Enlightenment to Entertainment

The first full day of sessions at the 2016 Black Enterprise Entrepreneurs Summit exceeded all expectations.

Attendees were inspired by a one-on-one conversation with the Founder and CEO of Operation Hope, John Hope Bryant; they learned how to fast track a tech startup with founders and CEOs who have first-account experiences; and the financial habits of successful entrepreneurs who have been there and done that.

Attendees spent the day asking experts probing questions while receiving the most informative answers—and they wouldn’t have expected anything less. They learned to protect and profit from ideas, and how we can go about supporting black business without compromising the integrity of products or services.

New and seasoned entrepreneurs learned the importance of using social media to drive sales and how to develop their business to the point of being “investment worthy.”

[Related: ES Day 2: Big Winners and Real Talk at Entrepreneurs Summit]

Small business owners were rewarded for their accomplishments at the Small Business Awards Luncheon and eager entrepreneurs pitched their way to $10,000 at the Elevator Pitch Competition.

Established entrepreneurs offered their peers insight on how to become suppliers for big companies while operating as a small business; and ideas, information, and tips were exchanged throughout a full day of networking and meetups. Needless to say, this event served the intended purpose of merging innovation and capital.

The first full day of events ended with a hilarious set by comedian Chris Cherry before topping off with the sultry sounds of R&B heartthrob, Raheem DeVaughn performing his new and old hits, followed by a jam session featuring none other than Big Tigger.

Again, Day 2 exceeded all that was expected. Eager to see how we’ll top this with Day 3. Standby.

Fast Track Your Tech Startup

You don’t have to do it alone.  

There are myriad ways to build a community, get funding, and even technical help to launch your online product. Accelerators, tech hubs, and co- working spaces are popping up everywhere and actively connecting and inspiring founders.

These venues often act as recruiting grounds for venture capitalists and angel investors looking for compelling new startups. However, many founders get overwhelmed with doubt wondering if they are ready for these types of hubs. At this week’s Entrepreneurs Summit, Jesica Averhart of American Underground, Brian Brackeen of Kairos.com, and Rodney Williams, of LISNR shared insider tips on how to put your startup on the fast track now.

Here are some facts to help dispel any trepidation:

Pitching to a VC 

Rodney Williams

He read all the right books and watched other people pitch to get ready. He noted that the book Influencer: The New Science of Leading Change helped him talk to venture capitalists and other decision makers—the right way. Rapport and relationships are the crux of everything.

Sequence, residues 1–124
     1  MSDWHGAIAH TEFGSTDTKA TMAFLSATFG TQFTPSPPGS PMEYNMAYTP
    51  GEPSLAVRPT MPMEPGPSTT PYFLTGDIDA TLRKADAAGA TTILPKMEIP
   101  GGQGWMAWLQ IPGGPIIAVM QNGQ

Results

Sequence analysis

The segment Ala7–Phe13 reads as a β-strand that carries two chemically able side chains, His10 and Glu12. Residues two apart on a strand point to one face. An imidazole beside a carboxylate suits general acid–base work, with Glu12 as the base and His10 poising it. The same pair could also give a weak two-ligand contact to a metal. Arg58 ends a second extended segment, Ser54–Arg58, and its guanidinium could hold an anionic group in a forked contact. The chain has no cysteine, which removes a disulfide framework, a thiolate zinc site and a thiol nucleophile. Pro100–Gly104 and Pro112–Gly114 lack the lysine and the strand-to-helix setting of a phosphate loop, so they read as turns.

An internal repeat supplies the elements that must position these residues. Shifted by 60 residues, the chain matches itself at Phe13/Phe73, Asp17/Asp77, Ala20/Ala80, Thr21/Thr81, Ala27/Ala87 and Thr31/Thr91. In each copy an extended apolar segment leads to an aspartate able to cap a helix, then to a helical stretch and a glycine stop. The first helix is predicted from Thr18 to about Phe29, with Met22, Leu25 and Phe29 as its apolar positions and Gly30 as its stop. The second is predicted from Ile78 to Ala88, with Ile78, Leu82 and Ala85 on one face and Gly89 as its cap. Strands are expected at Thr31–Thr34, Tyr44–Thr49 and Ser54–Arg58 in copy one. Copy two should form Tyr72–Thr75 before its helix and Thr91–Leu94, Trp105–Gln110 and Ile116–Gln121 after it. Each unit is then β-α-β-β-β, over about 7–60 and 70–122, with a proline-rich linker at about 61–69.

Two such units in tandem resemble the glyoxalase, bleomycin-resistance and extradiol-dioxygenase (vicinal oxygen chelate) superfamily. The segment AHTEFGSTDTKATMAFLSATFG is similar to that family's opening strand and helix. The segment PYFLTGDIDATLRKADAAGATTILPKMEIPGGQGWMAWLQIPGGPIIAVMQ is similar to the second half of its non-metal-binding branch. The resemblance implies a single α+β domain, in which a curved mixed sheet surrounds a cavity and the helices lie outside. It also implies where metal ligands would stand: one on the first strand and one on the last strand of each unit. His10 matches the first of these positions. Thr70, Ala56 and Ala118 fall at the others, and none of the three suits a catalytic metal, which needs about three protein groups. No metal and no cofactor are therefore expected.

Brian Brackeen

Brackeen emphasized that learning how to speak the language of different cultures and constituencies helps to speed up connection. For example, some cultures don’t like to start business right away and enjoy breaking the ice with small talk about the weather or family, and other groups are more straightforward. Learn to adapt.

Launching A Tech Startup With No Tech Background

Brian Brackeen

Brackeen also emphasized that empathy is the most important quality a startup founder can have. A nontech person may understand the problem in a different way and have a solution that’s not technical. Understanding the user matters most. Get to the “why.” It makes it all easier.

Rodney Williams

Williams urges founders to talk about their product in a nontechnical way. This helps connect you to others. He says, even as a builder, you still need someone to build the product so you can lead the team and be the visionary.

What Technology is Getting Funded

Jesica Averhart

Averhart revealed that life sciences and fintech startups are the sweet spot for investors, as well as, B2B enterprise software. She strongly believes in creating opportunities for black women in tech to merge and become a tribe.

The gist? Get off the computer. Put down the phone. Join programs to build your community through as many cups of coffee, tea, or even tequila dates, as possible. And just in case you’re weary about using existing technology, such as Squarespace or other cloud-based platforms to build yours, focus on user design and interface to make the difference.

For Small Business Owners Who Dream Big

Are you a small business owner with big dreams? One of this morning’s most informative sessions—titled “Operate Small, Supply Big” and hosted by American Express OPEN— provided practical, actionable advice to entrepreneurs eager to land contracts with large corporations and the government.

[Related: ES Day 2: Big Winners and Real Talk at Entrepreneurs Summit]